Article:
He was a fine player, Mancini, a classic Italian number 10, or fantasista, with a pretty good goalscoring record of 1 every 3.5 games. But he wasn’t Batigol, or fat Ronaldo, or Romario, he wasn’t a steely-eyed assassin in the six-yard box. He was a tousle-haired glory-boy fond of a back-heel and, ironically, a massive tantrum. All he’s done here is a Glenn Hoddle and basically told his players they are not fit to lace his boots.

At present, no player in England is fit to lace the size fives of Samir Nasri. With Fabregas in-and-out of the side, he is both font of creativity and tip of the sword for Arsenal. How he didn’t make the French World Cup squad is still beyond me. I remember watching him come on as a substitute for Marseille in the Champions League against Liverpool a few years ago and hoping Benitez would sign him. For the good of football I’m glad he didn’t. He may look like Zammo from Grange Hill after a couple of ten-bags but at 21 is as good as anyone outside of Catalonia. The slaloming change of direction in mid-air followed with the pirouette and finish for his second goal against Fulham was delicious, and showcased the mix of drive, technique, fantasy and dead-eyed accuracy that Arsene Wenger encourages in his young players. You can only wonder why Arsene doesn’t call on the services of one of his old boys to teach them to defend. They’d be six points clear by now.

The greatest thing about Sky Plus is that I don’t have to listen to Shearer, Hansen and Lineker. I interviewed Lineker once, and only libel laws stop me telling you exactly what a ‘character’ he is. Normally, I either fast forward through the ‘analysis’ or watch Goals on Sunday from behind a paper. Until this weekend, I hadn’t seen MOTD in HD and thought I’d have a butchers. HD is not good for Alan Shearer. It was always clear that he wouldn’t age well, but technology has put ten years, and pounds, on him. I’d like to think that the bags under his eyes are from staying up all night on Wikipedia to find out about players rather than from being in Stringfellows with his regular fourball.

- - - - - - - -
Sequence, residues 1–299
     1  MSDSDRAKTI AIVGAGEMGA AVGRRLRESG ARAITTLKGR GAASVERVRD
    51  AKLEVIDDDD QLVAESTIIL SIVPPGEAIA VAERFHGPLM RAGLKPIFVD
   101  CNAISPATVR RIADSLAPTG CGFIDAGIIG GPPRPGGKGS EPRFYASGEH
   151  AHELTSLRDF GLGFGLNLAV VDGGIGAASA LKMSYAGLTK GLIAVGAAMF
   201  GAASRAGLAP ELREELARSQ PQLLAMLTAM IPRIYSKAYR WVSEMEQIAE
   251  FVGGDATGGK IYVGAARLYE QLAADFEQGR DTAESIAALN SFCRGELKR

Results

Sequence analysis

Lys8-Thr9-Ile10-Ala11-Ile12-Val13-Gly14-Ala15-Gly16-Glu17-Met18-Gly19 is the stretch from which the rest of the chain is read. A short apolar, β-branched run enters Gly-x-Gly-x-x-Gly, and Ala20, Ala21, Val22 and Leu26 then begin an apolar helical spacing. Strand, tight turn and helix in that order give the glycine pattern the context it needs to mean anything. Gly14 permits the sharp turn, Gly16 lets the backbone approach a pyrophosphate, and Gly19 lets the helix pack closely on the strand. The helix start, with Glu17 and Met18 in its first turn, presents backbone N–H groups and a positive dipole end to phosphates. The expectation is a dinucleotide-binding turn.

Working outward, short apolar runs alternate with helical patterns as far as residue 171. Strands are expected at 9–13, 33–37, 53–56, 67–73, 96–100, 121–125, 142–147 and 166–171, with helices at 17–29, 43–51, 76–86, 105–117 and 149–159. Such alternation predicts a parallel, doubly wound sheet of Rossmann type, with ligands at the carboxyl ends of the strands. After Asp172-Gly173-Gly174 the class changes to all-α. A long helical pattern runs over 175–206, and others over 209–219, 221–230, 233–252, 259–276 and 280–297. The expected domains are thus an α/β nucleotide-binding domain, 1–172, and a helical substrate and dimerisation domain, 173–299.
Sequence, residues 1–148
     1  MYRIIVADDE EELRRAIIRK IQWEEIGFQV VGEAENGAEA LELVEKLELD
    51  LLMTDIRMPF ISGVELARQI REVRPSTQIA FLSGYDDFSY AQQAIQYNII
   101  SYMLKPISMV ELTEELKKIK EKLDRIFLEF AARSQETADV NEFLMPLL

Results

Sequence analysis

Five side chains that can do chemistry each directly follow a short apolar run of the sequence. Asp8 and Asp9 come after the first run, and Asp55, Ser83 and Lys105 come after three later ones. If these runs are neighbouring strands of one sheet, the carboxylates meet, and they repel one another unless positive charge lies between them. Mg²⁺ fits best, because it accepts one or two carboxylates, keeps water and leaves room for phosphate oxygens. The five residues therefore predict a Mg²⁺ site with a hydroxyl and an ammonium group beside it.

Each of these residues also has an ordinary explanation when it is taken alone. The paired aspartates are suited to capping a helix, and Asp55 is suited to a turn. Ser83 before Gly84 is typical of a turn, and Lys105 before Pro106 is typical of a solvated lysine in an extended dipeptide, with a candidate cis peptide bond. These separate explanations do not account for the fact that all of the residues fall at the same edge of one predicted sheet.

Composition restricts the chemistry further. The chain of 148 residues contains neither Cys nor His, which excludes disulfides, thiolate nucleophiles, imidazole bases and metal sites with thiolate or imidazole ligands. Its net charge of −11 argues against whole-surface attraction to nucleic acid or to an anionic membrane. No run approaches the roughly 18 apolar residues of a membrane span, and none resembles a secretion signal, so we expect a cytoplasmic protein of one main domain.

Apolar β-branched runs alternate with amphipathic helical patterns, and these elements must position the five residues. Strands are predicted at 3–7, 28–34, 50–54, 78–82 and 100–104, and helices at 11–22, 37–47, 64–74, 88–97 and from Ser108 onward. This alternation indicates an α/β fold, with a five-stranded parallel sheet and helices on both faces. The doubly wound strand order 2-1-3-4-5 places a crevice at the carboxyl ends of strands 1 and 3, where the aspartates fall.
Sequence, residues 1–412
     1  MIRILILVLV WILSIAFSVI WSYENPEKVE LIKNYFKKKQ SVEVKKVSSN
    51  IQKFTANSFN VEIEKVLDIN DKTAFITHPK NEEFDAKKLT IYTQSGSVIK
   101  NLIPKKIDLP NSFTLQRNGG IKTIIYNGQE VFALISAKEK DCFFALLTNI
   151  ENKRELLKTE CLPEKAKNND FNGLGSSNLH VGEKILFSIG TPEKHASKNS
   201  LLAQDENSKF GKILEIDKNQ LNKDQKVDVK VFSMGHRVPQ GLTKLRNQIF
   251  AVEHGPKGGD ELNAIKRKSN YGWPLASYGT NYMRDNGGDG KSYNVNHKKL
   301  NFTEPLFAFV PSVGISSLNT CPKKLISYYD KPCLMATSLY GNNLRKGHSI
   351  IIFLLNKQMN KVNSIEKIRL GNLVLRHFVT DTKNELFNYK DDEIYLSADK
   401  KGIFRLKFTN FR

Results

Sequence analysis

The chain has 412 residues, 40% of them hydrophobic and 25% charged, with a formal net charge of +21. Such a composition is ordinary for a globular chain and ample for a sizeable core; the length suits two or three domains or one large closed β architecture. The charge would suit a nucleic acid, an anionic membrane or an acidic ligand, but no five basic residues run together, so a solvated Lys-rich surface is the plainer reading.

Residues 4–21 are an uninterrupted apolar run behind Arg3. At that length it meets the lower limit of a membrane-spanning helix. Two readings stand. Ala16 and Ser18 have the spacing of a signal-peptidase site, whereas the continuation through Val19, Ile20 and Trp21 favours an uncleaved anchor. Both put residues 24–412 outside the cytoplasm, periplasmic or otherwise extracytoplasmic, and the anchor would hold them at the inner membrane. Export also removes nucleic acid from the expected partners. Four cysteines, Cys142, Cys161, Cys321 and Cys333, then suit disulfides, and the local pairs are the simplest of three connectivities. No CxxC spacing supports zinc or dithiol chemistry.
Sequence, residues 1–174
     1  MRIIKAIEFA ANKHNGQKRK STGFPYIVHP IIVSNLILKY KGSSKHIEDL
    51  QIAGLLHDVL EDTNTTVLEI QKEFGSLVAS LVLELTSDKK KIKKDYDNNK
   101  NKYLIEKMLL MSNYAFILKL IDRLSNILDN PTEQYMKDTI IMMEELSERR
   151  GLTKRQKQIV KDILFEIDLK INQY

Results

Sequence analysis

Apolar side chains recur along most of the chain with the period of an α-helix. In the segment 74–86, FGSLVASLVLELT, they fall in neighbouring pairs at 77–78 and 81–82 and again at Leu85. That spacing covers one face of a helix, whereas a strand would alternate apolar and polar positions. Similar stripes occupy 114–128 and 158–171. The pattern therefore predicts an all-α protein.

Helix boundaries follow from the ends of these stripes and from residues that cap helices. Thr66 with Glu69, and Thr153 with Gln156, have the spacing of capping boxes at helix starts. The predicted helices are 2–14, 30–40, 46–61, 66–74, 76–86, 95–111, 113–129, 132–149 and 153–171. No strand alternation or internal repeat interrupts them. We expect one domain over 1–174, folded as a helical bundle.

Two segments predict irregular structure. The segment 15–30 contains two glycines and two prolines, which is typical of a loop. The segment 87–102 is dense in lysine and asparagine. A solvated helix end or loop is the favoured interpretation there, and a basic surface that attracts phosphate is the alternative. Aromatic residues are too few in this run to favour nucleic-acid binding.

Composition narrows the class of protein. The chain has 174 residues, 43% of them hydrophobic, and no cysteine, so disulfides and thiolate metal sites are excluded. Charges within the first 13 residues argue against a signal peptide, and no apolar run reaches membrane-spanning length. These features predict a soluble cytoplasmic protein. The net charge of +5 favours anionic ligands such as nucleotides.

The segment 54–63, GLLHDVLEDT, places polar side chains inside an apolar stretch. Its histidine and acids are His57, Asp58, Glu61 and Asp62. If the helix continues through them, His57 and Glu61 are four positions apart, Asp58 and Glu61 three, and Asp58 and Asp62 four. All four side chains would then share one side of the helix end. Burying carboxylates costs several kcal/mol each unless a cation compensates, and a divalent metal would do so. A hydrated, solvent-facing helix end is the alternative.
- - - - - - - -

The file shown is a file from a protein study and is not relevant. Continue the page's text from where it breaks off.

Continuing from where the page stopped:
It’s not that they’re totally shit, more that they only tell you what you can see with your own eyes. It’s obvious that Chelsea aren’t playing well, it’s even more obvious that they are lacking penetration, so why tell us? Why not instead focus on the excellent Steven Pienaar constantly pulling the Chelsea midfield out of position? Why not show us how Lampard adds a similar dimension and that without him the midfield is rigid and lacking lateral movement in the space in front of the opposition back four? Why not? Because they don’t care. It’s a gig to them. Hansen cares about Liverpool, Shearer Newcastle and Lineker himself.

Weren’t Newcastle rubbish yesterday? Don’t get me wrong, West Brom were excellent. Committed in midfield, tight at the back and keen to play incisive, passing football, they moved Newcastle around all too easily and controlled from start to finish. Ameobi and Carroll can be a very effective partnership for The Magpies, but not when having to chase shinned clearances from Sol Campbell.

Elsehwhere, Big Sam has probably gone back to his Spanish dictionary and pursuit of Jose Mourinho’s job after Blackburn smashed Wolves, ‘Arry is back to the drawing board when it comes to holding onto a win, Martinez and Pulis were united in their assertions that they both deserved a win and West Ham returned to turgid type at Sunderland. According to respected football journalist and tweet-a-holic, Tor-Kristian Karlsen, Avram Grant is apparently a lady-killer who makes women go weak at the knees and lose all ability to function when in his presence. From what I can see, his effect on men is the same. Bet he can’t even blow a bubble.

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Laureen 10:43 am, 6-Dec-2010

i think it was a blessing in disguise for nasri, to not be included in France's WC. His exclusion made him what he is now for Arsenal.